The Schoolboys of Athens
The Athenian education then is admirably adapted to make the average lad a useful and worthy citizen, and to make him modest, alert, robust, manly, and a just lover of the beautiful, both in conduct and in art. It does not, however, develop his individual bent very strongly; and it certainly gives him a mean view of the dignity of labor. He will either become a leisurely gentleman, whose only proper self-expression will come in warfare, politics, or philosophy; or—if he be poor—he will at least envy and try to imitate the leisure class.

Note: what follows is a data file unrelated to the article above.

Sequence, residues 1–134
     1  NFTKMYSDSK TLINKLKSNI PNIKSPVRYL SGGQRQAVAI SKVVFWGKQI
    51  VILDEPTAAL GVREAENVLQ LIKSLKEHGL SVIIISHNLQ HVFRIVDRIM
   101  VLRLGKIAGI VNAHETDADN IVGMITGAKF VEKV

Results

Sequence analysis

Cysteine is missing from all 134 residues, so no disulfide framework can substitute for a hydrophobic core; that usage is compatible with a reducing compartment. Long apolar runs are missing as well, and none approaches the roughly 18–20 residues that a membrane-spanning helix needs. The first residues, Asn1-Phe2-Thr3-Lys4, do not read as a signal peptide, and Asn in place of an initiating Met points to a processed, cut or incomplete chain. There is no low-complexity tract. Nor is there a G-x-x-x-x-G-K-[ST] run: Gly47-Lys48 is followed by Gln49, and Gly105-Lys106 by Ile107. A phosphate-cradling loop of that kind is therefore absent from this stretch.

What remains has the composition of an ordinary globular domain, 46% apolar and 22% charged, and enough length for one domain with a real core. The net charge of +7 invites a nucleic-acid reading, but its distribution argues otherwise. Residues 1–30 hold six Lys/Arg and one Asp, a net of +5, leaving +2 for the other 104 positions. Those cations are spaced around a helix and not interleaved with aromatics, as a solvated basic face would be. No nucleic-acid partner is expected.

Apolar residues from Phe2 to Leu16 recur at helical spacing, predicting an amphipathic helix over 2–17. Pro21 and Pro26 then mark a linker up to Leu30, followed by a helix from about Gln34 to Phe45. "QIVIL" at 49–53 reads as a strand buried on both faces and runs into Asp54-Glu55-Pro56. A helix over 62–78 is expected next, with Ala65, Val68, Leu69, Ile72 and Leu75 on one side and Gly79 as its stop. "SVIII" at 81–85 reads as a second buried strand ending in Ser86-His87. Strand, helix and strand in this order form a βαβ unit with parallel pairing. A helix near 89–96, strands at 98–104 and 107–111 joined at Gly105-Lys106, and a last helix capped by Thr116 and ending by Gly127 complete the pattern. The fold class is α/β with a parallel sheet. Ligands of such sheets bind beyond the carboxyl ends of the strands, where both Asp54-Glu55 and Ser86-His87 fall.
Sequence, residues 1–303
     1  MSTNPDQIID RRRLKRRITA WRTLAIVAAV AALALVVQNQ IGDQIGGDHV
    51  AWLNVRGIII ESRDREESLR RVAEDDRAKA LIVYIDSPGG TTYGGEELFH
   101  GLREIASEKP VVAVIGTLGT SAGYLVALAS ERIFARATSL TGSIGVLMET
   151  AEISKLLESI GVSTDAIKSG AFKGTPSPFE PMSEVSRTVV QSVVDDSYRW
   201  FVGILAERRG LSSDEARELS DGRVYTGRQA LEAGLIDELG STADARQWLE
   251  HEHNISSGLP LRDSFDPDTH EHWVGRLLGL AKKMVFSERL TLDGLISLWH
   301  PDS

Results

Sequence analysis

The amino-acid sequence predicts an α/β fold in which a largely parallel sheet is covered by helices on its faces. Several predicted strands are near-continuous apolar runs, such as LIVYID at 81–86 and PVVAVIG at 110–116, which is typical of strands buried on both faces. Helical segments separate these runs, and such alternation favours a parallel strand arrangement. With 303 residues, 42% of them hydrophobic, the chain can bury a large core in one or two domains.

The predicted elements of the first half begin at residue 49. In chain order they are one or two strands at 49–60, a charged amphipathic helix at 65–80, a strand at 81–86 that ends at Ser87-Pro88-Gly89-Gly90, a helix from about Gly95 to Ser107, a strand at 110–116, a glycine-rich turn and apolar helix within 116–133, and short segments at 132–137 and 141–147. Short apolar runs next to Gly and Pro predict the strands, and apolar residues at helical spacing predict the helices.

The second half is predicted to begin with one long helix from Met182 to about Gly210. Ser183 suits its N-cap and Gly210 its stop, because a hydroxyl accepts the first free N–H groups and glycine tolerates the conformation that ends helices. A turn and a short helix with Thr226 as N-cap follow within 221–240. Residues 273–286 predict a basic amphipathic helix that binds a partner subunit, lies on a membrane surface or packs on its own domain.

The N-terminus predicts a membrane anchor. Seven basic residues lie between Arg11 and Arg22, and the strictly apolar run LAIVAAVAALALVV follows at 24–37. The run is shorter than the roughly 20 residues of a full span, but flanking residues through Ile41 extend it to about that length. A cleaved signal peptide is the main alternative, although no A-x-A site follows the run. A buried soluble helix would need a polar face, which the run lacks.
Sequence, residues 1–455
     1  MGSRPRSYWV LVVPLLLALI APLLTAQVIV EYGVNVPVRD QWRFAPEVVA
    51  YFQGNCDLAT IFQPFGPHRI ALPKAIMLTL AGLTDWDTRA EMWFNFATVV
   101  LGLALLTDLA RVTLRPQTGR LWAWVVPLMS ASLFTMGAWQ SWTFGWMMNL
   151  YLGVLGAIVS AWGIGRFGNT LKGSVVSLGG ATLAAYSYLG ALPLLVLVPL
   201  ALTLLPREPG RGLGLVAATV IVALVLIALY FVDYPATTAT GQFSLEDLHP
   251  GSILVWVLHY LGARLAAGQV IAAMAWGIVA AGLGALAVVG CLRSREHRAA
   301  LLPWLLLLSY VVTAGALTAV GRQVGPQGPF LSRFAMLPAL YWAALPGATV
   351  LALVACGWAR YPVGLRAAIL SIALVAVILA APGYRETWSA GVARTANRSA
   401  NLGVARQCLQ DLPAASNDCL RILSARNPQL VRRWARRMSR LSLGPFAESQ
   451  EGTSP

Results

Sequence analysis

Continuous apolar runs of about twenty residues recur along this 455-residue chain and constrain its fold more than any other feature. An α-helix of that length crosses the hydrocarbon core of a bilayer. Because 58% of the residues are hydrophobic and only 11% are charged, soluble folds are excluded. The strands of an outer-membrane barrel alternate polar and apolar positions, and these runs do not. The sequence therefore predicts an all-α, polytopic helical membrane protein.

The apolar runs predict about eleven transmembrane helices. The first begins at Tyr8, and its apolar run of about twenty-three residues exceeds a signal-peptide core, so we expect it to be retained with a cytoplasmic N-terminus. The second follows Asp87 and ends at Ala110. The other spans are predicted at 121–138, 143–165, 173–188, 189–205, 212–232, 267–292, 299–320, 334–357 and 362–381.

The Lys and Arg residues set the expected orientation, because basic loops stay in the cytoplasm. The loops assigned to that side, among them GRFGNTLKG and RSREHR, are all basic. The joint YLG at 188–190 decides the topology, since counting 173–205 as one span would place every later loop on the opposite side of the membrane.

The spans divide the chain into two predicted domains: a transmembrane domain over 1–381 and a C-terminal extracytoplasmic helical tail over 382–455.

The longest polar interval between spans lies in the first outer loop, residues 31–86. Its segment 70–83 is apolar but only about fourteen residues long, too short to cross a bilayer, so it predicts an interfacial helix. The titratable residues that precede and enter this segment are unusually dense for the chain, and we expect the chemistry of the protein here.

By eighteen the young Athenian's days of study will usually come to a close. At that age he will be given a simple festival by his father and be formally enrolled in his paternal deme. His hair, which has hitherto grown down toward his shoulders, will be clipped short. He will allow his beard to grow. At the temple of Aglaurus he will (with the other youths of his age) take solemn oath of loyalty to Athens and her laws. For the next year he will serve as a military guard at the Peiræus, and receive a certain training in soldiering. The next year the state will present him with a new shield and spear, and he will have a taste of the rougher garrison duty at one of the frontier forts towards Boetia or Megara. Then he is mustered out. He is an ephebus no longer, but a full-fledged citizen, and all the vicissitudes of Athenian life are before him.
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